The Lipowa Centre, One Year Into the War

By Olivia Choi

It’s been over a year since the Russian invasion of Ukraine, ASW’s Lipowa center continues to help the Ukrainian refugees with the combined effort of volunteer students, parents, and teachers. 

Last week, Sebastian M. initiated a project to make candles for Ukrainian refugees, in collaboration with the youth-led non profit organization Rays of Hope. He explained that his mom first suggested the idea since it would allow “11th and 12th graders to get community service hours and do their CAS project.” 

This idea, starting with “getting in contact with Ms. Miele, the ASW Service Coordinator,” grew into a real event hosted at the Lipowa center, which resulted in around 60 candles made for Ukrainian refugees. 

Sebastian expressed his amazement with the amount of help that arrived. “I thought that not many people would go, but turns out many people came, like 30 students and about 6 or 7 parents,” he said. The candles, made out of cardboard and wax, will be distributed soon and heat up the houses of those who are suffering from frequent power outages. 

Volunteers and the candle-making workshop. Photo courtesy of ASW E-Notes.

On the other side, the usual weekend of the Lipowa center still goes on with student and teacher volunteers. Taj and Mr. Taylor both come here whenever they can, handing out food and groceries to the Ukrainian refugees as “the guy behind the counter,” says Taj, folding and throwing away cardboards, recycling waste, and sorting clothes.

Taj explained that “working with all these beautiful people, both the staff and the Ukrainians that we’re helping” is what he likes most about coming here. 

Mr Taylor shared similar appreciation to the people working together, and added that the Lipowa center “is nice that it’s a very small scale operation and there is zero administrative work” because  “we’re not wasting money on administration or branding,” unlike bigger charities like “Red Cross or Amnesty International, where such a huge part of the budget is going to the administrative work.”

Unfortunately, both of them described the center as “under-supplied” and explained that there is always the question of how the supplies can be distributed sufficiently, but also equally to everyone. 

As the war extends itself longer and longer, the immediate need for aid has diminished. However the end of this crisis never seems to arrive for the refugees, demanding a more systematic approach to the distribution of food. Mr. Taylor sighed, “People can only come once a week, and they have to show a document, like a passport, since it’s 1 box of supplies per family.” He said that it is heartbreaking to say “No” to the hungry people when they come twice a week, because “every person we say “no” to has nothing while we have money for anything.” Moreover, he pointed out that sometimes Polish people who are in need come here and ask for help, but “it’s difficult because this is really for the Ukrainian refugees.”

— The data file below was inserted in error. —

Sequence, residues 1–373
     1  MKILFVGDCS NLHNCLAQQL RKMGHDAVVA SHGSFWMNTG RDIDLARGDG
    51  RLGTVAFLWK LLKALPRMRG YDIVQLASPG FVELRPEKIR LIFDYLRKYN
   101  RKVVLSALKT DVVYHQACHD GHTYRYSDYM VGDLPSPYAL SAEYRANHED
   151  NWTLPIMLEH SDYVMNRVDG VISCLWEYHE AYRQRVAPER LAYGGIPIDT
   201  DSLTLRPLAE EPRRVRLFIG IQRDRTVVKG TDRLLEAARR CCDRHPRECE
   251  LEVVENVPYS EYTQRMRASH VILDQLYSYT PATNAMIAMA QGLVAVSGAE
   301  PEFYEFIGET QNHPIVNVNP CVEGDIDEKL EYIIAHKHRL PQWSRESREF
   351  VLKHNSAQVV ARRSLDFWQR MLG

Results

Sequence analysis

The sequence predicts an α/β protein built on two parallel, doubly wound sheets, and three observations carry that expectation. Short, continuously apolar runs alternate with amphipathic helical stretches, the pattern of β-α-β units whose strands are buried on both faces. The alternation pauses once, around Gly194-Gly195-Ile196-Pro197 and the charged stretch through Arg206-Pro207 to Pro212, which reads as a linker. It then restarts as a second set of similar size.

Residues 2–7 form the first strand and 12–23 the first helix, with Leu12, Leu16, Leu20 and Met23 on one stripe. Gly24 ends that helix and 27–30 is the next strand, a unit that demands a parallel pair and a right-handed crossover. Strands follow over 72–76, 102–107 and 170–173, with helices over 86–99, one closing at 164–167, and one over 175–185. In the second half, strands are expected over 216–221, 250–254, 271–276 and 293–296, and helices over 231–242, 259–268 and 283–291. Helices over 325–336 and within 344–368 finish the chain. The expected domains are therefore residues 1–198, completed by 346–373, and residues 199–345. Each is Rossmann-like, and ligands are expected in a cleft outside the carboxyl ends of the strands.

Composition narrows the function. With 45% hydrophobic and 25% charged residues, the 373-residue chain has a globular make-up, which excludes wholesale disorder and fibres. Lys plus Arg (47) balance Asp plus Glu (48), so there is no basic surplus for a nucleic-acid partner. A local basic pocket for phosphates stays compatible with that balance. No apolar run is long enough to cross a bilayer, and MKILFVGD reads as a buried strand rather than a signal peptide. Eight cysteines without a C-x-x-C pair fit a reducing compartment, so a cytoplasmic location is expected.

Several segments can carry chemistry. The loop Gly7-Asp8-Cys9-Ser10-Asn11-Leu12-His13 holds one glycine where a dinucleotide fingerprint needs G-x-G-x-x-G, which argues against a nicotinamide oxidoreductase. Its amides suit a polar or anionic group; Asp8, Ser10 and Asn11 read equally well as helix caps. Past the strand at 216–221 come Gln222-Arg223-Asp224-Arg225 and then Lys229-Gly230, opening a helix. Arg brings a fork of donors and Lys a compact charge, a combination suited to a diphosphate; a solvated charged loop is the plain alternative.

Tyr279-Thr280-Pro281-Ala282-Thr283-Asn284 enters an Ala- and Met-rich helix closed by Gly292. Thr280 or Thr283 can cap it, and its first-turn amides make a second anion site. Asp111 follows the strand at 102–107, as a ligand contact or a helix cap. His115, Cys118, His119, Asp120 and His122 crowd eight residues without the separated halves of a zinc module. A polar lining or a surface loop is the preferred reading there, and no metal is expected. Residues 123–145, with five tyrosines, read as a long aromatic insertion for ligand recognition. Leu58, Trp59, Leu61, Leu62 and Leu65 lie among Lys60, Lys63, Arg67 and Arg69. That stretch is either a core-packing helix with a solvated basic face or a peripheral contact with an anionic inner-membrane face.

Moreover, the work that desperately needs their help is not always simple or quick. Mr Taylor described the task of sorting and folding clothes as a “Sisyphsian task” that gives him “mind-number frustration” because as people come and go to try to quickly find clothing, the “shelves are constantly becoming a mess and you could sort them all day.” 

Clothes in various states of sorting. Photo by Olivia Choi.

So what really makes them “wake up early in the morning” to come here every weekend to face the piles of clothes and boxes awaiting them? Taj says, “I feel like helping other people makes you a better person. You meet the people here, everyone’s great, and just getting back to the community.” Mr Taylor smiled, “It’s hard to answer without sounding saccharine.” He continued, “When the war started, I think we all felt like we had to do something, and then we asked Ms. Ligita if she needed some help, and we just kept coming back, and now it’s kind of hard not to show up now because she’s expecting us but it does feel good. And It is a very tiny contribution but it is a good part of my week to know that I did something productive.”

Lastly, they both added a word of encouragement for those reading this article “Come here! Anyone who’s reading this article can come help!”


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